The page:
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Step by Step: How to calibrate a stand-on sprayer

March 19, 2018 -  By

Calibrating a stand-on sprayer before arriving on a customer’s property can save lawn care operators (LCOs) many headaches caused by over- or under-applying products. It’s recommended that professionals recalibrate sprayers each time they change the spray pressure.

To calibrate a sprayer, LCOs must find three measurements: distance, time and volume. The distance it takes for equipment to spray an area of 1,000 sq. ft. can be found by dividing the effective spray width of the nozzle, which should be specified by the manufacturer, by 1,000.

To find the time, contractors can mark that distance on a lawn with cones, flags or paint. Use a timer to record how long it takes the equipment to travel that distance. Next, use the time to find how much a machine can spray for that duration. With a second person operating the sprayer, use a PVC pipe joint or other equipment to direct the spray flow into a graduated cylinder or other tool to measure the volume of a liquid.

Using the measurements for distance, time and volume, calculate the amount of chemical per gallon to add to the tanks. To convert a measurement recorded in fluid ounces to gallons, divide the number by 128.

Follow these steps to properly calibrate a stand-on sprayer.

Step 1

Conduct a precalibration check by inspecting the machine’s filters and nozzles for clogs, cleaning tanks and setting the spray pressure to the manufacturer’s recommendations.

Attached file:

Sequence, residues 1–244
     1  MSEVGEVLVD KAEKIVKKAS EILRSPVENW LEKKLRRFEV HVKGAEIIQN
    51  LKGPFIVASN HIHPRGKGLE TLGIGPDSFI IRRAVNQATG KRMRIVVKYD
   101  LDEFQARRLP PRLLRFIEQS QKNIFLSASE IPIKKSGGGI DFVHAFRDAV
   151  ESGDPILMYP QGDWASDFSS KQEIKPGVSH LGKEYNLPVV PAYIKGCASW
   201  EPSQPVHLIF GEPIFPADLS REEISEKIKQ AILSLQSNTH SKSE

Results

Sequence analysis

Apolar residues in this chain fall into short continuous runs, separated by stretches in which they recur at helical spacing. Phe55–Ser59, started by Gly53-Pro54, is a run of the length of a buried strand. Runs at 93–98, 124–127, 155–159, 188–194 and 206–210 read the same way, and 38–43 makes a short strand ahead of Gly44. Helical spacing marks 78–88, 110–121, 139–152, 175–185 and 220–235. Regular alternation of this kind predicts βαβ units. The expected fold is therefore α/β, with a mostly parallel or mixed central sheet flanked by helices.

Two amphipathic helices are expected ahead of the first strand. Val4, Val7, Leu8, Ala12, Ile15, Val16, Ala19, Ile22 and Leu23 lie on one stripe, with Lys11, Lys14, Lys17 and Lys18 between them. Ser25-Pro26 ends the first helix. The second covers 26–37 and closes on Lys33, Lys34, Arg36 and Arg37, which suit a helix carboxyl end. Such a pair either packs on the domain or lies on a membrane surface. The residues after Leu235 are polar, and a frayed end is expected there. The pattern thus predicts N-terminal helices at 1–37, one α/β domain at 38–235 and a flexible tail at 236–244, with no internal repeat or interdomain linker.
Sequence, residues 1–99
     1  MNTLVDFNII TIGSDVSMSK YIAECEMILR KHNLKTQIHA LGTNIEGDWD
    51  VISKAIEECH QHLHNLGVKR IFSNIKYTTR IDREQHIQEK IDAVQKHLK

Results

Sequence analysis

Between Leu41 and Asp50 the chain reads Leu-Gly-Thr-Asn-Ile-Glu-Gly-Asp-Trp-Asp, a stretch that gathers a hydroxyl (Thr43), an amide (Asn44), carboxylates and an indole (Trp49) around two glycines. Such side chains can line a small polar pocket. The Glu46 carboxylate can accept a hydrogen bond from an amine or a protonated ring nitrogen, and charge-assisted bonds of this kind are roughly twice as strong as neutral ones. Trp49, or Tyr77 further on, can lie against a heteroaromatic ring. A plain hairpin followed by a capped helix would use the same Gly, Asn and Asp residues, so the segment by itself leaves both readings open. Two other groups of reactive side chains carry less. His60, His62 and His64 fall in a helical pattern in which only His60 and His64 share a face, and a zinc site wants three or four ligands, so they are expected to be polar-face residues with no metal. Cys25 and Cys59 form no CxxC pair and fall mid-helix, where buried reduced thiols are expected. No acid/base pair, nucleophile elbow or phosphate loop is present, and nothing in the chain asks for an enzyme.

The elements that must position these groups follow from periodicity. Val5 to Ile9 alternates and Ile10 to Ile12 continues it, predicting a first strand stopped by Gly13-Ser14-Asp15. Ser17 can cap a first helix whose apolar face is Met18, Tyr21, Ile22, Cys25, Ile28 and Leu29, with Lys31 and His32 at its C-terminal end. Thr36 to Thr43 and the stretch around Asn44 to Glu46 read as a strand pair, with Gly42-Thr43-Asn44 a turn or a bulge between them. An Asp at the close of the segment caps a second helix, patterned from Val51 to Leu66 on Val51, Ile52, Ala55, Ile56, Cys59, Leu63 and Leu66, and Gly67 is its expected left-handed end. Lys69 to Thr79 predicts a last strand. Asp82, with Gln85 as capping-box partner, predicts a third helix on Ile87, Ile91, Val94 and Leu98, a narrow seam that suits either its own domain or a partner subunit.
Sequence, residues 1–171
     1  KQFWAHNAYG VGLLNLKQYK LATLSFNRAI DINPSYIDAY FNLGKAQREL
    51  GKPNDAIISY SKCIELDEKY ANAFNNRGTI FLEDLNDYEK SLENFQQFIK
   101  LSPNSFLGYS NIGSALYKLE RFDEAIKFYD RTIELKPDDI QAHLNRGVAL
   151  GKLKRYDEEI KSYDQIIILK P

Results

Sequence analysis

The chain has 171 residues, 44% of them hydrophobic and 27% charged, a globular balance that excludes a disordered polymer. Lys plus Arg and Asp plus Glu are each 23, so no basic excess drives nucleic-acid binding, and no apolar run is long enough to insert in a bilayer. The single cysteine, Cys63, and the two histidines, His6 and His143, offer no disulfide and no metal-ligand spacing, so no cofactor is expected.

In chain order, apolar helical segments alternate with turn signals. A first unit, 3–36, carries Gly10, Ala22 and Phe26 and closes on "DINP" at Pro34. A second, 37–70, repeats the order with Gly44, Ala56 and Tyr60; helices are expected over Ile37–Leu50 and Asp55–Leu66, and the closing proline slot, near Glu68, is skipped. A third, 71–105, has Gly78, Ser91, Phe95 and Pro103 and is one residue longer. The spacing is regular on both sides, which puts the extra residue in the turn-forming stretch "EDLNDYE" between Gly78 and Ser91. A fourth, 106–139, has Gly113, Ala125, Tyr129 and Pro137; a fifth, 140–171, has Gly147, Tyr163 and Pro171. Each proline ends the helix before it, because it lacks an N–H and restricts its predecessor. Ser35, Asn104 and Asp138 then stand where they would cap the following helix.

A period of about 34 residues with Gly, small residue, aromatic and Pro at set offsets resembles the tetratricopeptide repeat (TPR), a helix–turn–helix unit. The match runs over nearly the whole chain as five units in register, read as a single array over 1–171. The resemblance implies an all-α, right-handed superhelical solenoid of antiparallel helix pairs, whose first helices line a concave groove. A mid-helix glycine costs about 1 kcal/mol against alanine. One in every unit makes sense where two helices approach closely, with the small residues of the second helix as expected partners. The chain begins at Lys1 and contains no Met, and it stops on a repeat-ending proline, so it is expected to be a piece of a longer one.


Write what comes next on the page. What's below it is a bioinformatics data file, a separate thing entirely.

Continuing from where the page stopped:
Step 2

Find the distance it takes for the sprayer to cover 1,000 sq. ft. by dividing the effective spray width of the equipment by 1,000.

Step 3

Time how long it takes to cover 1,000 sq. ft. Mark a course as long as the distance your sprayer must travel from Step 2 and time your sprayer driving this course three times. Take an average of those times for accuracy.

Step 4

Measure the output volume for the time it takes to cover 1,000 sq. ft. Have a second person operate the sprayer for the duration of the time found in Step 3, and use a graduated cylinder to measure the spray output for that time. Do this three times and average the results for accuracy.

Step 5

Use steps 2-4 to determine how much chemical to put in the tanks. To convert fluid ounces to gallons, divide by 128.

To download a PDF copy of this page from the magazine to use as a training tool at your company, click here.

Source: Turfco
illustrations: David Preiss

This article is tagged with , , and posted in 0318, Step by Step
LM Staff

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